Where Should my Children go to School?

Now summer is coming to an end and many families are getting ready to send the children back to school.  For most families the decision about where to send a child to school is fairly simple decision.  There are the normal questions of public school as opposed to private school and parents are free to choose the school that fits the needs of the child and family. Unfortunately in cases where parents are divorced, the decision is not always so easy. Generally the child will go to the school which is closest to the home of the parent who has primary custody of the children. However there may be instances where this is not practical or in the best interests of the child.  For example if the non-custodial parent lives closer to the school where the children attended prior to the divorce or separation, the Court may deem that it is in the best interests of the children to remain at their previous school.

In joint custody matters, there is an additional complication.  Where the parents each have equal custody it can be difficult for a Court to determine which school the child should attend.  If the children were in school at the time of the divorce and there is a possibility that the child can remain in their previous school, a court will generally order that the Status Quo be maintained.  In cases where both parents have moved away from the children’s school or where the child is going to start kindergarten, the court will consider several factors prior to making the determination as to where the child will go.  One factor will be the location of the school in proximity to each of the parent’s places of employment.  If one parent is required to drive in the opposite direction of their work to get the child to one school and the other parent would be passing the proposed school on their way to work, the court will take that into consideration. Another factor that is considered is the quality of education, after school care and extracurricular activities.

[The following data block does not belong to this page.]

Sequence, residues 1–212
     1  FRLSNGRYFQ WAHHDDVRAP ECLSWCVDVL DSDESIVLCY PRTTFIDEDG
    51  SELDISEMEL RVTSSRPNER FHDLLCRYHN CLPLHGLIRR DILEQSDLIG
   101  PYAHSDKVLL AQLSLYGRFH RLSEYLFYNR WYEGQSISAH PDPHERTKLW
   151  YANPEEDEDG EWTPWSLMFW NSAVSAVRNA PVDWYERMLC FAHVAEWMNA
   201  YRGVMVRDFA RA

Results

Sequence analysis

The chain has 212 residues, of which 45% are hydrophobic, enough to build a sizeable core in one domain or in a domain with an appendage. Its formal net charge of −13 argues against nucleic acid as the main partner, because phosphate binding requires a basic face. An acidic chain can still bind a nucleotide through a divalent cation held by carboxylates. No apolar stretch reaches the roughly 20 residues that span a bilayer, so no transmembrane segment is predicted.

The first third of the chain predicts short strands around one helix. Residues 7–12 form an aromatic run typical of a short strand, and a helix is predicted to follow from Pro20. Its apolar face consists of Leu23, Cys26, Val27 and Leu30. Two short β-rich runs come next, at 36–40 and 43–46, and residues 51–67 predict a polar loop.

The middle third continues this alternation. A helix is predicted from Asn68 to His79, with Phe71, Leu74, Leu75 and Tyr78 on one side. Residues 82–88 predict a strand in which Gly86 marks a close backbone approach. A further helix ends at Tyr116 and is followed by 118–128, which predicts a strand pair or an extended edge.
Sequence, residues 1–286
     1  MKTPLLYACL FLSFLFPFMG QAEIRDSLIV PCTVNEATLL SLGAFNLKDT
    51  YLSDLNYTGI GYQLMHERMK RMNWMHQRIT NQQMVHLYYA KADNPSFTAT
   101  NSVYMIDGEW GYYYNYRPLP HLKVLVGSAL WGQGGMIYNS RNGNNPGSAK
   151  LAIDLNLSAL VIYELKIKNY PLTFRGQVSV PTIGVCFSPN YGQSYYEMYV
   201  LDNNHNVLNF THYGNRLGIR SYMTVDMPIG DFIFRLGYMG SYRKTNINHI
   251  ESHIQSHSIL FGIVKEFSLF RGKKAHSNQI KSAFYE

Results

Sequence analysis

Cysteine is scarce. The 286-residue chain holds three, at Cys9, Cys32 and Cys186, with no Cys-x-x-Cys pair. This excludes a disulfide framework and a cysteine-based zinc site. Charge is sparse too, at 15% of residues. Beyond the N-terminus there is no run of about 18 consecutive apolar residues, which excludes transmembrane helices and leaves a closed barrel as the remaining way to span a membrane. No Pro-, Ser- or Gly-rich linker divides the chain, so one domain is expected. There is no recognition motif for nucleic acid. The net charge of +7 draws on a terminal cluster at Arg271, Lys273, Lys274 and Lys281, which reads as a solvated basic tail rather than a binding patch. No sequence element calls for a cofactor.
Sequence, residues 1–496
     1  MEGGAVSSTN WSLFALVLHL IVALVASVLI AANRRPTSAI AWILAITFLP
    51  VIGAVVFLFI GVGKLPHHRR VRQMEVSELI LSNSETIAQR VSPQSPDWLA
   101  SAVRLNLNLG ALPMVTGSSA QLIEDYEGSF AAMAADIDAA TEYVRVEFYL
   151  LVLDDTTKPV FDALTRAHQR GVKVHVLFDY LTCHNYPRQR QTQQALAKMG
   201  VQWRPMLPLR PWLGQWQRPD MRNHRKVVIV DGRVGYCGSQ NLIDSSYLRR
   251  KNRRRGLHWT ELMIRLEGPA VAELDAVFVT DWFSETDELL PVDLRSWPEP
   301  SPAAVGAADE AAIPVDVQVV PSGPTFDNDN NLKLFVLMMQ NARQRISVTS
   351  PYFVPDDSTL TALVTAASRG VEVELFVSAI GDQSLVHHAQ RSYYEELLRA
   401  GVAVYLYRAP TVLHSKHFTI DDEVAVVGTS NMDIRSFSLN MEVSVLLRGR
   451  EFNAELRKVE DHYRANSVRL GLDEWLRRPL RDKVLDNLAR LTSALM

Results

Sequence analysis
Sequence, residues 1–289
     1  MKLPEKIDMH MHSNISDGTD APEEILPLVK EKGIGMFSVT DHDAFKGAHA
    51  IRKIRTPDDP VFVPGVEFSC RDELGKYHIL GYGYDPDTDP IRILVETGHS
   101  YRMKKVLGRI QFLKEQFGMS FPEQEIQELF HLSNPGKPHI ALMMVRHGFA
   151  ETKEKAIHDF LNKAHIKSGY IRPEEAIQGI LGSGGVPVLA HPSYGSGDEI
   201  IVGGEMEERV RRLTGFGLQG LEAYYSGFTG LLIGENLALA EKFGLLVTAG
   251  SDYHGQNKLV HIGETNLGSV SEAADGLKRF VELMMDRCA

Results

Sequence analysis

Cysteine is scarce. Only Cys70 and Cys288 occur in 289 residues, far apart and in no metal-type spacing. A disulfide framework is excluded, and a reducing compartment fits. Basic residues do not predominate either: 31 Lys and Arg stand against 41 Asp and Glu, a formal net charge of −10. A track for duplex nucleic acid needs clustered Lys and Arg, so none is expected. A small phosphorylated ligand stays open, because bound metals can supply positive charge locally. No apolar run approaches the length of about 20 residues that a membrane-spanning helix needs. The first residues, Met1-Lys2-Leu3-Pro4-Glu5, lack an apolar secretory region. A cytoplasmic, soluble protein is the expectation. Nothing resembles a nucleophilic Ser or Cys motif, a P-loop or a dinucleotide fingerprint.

There may be circumstances where one parent moves too far from the other to make joint custody possible during the school year.  In those cases, the Court may need to modify the custody orders so that one parent has primary custody of the children during the school year, with the other parent having additional time in the summer and holidays. My oldest daughter had a friend growing up that lived in New York with her mother during the school year and visited her father in California for all winter, spring, and summer breaks.

In some cases where the parents have a high conflict as to where the child will go to school, a court will appoint an evaluator or an attorney for the children to assist the parties in determining the best school to go to. The evaluator or minor’s counsel will meet with the children, parents and will consider any evidence relative to the proposed schools.

Of course, the best way to determine where the children go to school is for the parents to work together to decide which school will meet the needs of the children.